FIG. 1 is a block diagram illustrating one embodiment of an electronic system 30 including a host device 32 and a memory circuit 34 employing a duty cycle corrector (DCC) 36 in accordance with the present invention. Host device 32 is coupled to memory 34 via a communications path 38. Host device 32 can be any suitable electronic device such as a computer system including a microprocessor or a microcontroller. Memory circuit 34 can be any suitable memory that utilizes a clock signal to operate. In one embodiment, memory circuit 34 comprises a random access memory, such as a dynamic random access memory (DRAM), synchronous dynamic random access memory (SDRAM), or double data rate synchronous dynamic random access memory (DDR-SDRAM).

DCC 36 receives a differential input clock, which may not have a 50% duty cycle, via a signal path 40 and provides a differential output clock having a duty cycle substantially equal to a desired duty cycle via a signal path 42. In one embodiment, DCC 36 receives the differential input clock via signal path 40 from host device 32 via communications path 38. In other embodiments, DCC 36 receives the differential input clock via signal path 40 from any suitable device, such as a dedicated clock circuit that may be situated internal to or external to memory circuit 34. The differential output clock on signal path 42 is employed by memory device 34 to clock data to/from external devices, such as host 32. In one embodiment, the desired duty cycle is a 50% duty cycle. Maintaining the differential output clock at a duty cycle of 50% provides memory circuit 34 with approximately an equal amount of time on the high level phase and low level phase of the output clock to transfer data.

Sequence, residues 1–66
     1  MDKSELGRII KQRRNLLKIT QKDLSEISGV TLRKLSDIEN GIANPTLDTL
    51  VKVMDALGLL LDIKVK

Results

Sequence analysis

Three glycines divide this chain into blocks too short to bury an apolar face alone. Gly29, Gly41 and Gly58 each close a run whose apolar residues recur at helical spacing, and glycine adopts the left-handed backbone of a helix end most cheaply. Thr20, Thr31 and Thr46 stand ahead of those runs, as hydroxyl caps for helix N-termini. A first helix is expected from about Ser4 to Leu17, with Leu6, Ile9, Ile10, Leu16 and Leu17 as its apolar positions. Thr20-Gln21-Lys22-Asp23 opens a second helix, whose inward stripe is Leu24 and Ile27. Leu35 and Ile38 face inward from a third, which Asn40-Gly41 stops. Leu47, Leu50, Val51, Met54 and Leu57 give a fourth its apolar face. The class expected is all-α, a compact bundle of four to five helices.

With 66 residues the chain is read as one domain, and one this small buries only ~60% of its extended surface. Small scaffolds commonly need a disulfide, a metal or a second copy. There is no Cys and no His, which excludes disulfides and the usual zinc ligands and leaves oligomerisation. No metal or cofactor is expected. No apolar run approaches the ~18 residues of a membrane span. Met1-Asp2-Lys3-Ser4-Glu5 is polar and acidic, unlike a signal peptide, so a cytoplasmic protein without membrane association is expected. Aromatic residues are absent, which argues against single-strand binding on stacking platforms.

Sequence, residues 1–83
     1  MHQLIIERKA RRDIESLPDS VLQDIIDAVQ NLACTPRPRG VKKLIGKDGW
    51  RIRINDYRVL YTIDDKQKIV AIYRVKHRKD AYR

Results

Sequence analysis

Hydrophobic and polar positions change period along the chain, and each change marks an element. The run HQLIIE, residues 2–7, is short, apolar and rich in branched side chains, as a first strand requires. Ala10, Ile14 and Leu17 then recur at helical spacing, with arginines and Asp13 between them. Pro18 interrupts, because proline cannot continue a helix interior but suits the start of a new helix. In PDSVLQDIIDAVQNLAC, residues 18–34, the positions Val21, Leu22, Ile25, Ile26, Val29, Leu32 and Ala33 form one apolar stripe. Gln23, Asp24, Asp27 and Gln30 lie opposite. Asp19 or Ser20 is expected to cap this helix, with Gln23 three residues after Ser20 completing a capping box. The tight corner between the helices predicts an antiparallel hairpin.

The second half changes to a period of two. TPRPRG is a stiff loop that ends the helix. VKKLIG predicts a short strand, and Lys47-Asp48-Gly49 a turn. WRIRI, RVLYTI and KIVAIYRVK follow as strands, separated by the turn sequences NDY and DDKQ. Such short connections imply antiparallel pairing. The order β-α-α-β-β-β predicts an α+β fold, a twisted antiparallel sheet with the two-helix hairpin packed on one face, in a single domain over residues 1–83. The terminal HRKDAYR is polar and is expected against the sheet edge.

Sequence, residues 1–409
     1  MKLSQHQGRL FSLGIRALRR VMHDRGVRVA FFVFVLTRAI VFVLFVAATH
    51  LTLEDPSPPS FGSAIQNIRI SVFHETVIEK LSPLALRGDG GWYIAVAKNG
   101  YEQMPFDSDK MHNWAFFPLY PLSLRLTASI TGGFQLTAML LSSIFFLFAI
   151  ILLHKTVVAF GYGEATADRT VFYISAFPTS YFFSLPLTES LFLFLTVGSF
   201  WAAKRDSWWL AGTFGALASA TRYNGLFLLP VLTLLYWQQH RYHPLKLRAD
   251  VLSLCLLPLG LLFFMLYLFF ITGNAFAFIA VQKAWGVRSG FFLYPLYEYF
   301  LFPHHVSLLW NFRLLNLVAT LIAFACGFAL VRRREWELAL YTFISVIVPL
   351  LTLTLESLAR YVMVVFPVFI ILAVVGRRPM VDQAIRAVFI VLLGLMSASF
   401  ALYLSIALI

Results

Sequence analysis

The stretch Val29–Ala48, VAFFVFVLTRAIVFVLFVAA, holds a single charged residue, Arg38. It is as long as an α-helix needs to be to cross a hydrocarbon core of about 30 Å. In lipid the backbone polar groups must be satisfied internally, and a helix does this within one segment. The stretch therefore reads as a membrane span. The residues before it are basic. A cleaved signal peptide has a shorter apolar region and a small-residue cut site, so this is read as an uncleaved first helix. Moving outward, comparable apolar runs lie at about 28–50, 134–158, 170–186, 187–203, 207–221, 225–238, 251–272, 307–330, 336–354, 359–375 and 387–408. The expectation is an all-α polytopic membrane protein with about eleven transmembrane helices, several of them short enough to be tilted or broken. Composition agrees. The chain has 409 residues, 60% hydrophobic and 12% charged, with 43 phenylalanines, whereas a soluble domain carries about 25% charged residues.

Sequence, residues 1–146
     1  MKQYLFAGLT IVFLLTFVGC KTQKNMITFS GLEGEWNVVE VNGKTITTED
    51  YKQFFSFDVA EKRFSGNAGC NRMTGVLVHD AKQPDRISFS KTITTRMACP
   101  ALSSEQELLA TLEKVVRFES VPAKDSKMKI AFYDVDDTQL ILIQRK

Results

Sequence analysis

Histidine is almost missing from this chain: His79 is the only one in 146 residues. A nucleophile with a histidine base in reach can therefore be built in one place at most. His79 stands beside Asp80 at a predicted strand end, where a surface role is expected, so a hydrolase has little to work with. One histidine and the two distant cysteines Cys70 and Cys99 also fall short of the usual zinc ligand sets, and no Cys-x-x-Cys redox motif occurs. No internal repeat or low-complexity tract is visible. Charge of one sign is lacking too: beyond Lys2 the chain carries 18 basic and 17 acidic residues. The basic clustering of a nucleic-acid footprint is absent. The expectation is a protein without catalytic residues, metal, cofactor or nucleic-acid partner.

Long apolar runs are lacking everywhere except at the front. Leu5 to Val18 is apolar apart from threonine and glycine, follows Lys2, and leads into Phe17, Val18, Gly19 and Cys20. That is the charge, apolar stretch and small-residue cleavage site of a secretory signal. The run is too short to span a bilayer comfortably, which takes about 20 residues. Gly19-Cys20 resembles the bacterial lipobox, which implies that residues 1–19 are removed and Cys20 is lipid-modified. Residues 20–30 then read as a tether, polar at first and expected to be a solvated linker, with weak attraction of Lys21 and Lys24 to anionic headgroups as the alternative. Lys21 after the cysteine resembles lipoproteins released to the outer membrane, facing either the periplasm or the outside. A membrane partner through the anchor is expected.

DCC 36 includes a duty restore circuit (DRC) 44, an adjuster circuit 46, and a delay element 48. DRC 44 receives the differential input clock via signal path 40 and a differential feedback clock via a signal path 50, with the differential input clock having crossings of at least a first type and the differential feedback clock having crossings of the first type and a second type. DRC 44 provides the differential output clock via signal path 42 with the differential output clock having crossings of the first type based on input clock crossings of the first type and having crossings of the second type based on differential feedback clock crossings of the first type.